God has visited His people. Now what?!

“Christmas morning” came and went. The baby grew to become a man. He was about His Father’s business and people began to glimpse what the Kingdom of God was about…

Some were elated—a widow’s son is raised from the dead and the people proclaim: “God has visited His people!” (Lk.7:16).

Others were confused—John the Baptist, imprisoned, asks: “Are you the One who is to come, or shall we look for another?” (Lk.7:20). 

And yet others are infuriated—the Pharisees and experts in the law see their whole way of life threatened with extinction. Who does this man think He is?!

Already the spokesmen for this Kingdom are being rounded up and put to death… These were radical times. The old wine and its skins were not sufficient to hold this new wine. Jesus came asking pointed questions of those who thought themselves closest to God and most knowledgeable in His Word.

Everyone had questions, but His were the most penetrating of all…

“Why do you see the speck that is in your brother’s eye, but do not notice the log that is in your own eye?” Lk.6:41

“Why do you call me ‘Lord, Lord,’ and not do what I tell you?” Lk.6:46

Good questions. Easier to answer when they’re addressed to someone else! So I sit here looking at the Pharisees and teachers of the law. They were the Bible experts of their day. True, they only had the Old Testament, and were particularly adept at interpreting the books of the Law. They had analyzed and dissected and critiqued the Law boiling down its inconceivable standard into minute external details one might attempt to keep…They had created a standard of righteousness all their own. When John the Baptist came to help them get ready for a paradigm shift, calling them to repentance from dead works, they would have none of it. They knew they were right; why repent?! And so Luke says, they “rejected the purpose of God for themselves not having been baptized by [John].” (Lk.7:30)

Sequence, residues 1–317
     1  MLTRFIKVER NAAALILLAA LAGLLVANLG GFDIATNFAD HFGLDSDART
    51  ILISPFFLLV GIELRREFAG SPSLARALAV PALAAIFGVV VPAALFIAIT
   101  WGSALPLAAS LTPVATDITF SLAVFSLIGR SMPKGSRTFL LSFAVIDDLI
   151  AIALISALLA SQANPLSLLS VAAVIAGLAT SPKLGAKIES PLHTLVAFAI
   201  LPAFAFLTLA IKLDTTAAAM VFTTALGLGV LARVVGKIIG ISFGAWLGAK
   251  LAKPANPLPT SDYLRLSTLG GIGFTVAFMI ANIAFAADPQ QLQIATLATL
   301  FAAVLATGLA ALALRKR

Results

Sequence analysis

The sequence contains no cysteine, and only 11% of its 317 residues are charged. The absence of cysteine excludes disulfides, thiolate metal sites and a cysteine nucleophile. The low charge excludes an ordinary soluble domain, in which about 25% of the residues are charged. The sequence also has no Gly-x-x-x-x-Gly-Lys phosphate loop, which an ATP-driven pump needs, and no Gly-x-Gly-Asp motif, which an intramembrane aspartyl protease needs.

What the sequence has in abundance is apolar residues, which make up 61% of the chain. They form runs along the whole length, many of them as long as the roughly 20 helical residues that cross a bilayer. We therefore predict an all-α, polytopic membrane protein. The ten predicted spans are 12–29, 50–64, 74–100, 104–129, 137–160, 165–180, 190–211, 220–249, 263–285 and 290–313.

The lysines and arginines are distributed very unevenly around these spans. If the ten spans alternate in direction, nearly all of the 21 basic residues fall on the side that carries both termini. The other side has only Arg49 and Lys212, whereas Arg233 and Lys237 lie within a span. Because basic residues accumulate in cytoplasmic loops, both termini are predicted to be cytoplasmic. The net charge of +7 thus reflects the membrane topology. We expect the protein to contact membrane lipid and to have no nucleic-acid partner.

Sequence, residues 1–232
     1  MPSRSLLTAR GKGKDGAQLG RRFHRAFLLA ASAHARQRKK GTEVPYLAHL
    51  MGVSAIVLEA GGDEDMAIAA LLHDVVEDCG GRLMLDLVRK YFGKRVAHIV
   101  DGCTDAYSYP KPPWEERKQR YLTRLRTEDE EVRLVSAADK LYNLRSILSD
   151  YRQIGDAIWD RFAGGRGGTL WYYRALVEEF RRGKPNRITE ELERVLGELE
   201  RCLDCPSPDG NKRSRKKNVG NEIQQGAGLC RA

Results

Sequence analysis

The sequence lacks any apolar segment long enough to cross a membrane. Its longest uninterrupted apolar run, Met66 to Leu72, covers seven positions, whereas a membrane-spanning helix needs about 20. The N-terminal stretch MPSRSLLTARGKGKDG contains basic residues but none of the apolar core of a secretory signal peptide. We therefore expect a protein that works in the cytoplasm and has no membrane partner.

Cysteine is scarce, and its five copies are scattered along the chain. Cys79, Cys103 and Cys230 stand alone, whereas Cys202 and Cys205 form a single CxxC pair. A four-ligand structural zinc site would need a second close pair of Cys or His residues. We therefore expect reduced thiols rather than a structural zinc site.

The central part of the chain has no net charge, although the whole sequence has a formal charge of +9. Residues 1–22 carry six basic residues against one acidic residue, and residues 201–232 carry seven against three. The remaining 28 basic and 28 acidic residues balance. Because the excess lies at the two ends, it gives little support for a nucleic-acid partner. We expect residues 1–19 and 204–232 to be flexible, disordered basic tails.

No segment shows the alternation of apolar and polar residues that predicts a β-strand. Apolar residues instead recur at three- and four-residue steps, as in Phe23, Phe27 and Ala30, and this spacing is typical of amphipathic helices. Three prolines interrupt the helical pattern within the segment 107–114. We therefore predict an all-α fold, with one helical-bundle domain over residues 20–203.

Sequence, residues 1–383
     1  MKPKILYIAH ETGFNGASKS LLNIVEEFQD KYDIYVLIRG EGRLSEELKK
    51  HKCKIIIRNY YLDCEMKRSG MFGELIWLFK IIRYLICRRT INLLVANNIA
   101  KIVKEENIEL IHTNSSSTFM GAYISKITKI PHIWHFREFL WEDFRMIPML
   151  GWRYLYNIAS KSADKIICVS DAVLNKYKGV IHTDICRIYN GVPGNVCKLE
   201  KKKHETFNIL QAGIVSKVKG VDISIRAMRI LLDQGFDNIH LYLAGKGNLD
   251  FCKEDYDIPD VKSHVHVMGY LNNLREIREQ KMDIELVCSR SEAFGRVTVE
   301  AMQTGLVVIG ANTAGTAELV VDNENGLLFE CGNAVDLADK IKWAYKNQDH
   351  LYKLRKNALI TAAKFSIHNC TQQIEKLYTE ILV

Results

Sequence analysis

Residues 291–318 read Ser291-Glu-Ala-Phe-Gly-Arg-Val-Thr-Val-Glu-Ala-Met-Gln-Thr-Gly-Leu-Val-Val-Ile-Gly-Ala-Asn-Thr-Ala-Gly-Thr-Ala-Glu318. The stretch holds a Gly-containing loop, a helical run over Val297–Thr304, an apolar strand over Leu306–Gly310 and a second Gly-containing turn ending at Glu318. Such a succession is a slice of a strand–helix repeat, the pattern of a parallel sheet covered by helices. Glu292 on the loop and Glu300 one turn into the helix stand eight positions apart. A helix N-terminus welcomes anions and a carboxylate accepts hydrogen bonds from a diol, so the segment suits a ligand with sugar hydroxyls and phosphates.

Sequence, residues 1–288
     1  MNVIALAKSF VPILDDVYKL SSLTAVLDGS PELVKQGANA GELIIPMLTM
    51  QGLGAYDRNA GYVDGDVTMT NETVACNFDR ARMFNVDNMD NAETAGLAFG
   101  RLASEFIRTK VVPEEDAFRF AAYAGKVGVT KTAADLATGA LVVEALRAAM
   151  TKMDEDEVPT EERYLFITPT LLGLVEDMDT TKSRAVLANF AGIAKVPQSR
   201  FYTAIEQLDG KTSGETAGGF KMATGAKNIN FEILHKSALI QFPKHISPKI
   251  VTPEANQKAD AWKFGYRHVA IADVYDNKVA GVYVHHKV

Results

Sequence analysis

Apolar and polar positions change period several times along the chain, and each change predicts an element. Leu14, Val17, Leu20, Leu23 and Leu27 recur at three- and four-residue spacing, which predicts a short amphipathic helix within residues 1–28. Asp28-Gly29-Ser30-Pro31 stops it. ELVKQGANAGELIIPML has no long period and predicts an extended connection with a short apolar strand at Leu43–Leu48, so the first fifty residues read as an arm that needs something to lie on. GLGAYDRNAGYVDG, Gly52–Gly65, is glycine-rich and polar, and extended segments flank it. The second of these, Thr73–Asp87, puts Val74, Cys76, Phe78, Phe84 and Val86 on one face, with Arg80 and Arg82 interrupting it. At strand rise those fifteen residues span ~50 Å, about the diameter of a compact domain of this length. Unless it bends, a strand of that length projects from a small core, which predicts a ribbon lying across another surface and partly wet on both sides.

OK, so now here comes Jesus proclaiming the GOOD NEWS of the Kingdom of God and what is their reaction? To the Pharisee, even the Good News is heresy! In their careful study and dissection of the Law, they missed the very point of it. It was to be for them a tutor to bring them to Christ (Gal.3:24), a standard so high they would repent in dust and ashes of their inability to keep it and be ready to welcome a Saviour with a plan of redemption!! But no, they missed Him. They judged Him, condemned Him, and sentenced Him to death. They were not ready to part with their own plan of ‘righteousness’ or to debate its adequacy. They were far too busy examining the dust specks in others’ eyes to see how blinded they were by the log booms in their own!!

And here comes Jesus with His pointed questions…


Do I know anyone remotely like those Bible experts who might benefit from a reminder of the truly Good News Jesus was bringing?!

‘For in it the righteousness of God is revealed from faith to faith, as it is written, “The righteous shall live by faith.”’ Rom.1:17. Without a lifestyle of repentance and the necessary log removal there is no seeing to help a brother with his ‘speck’. Without cultivating an honest and good heart, there is no soil to grow a healthy crop from the seed of the Word (no matter how much of it I know!) (Lk.8:15)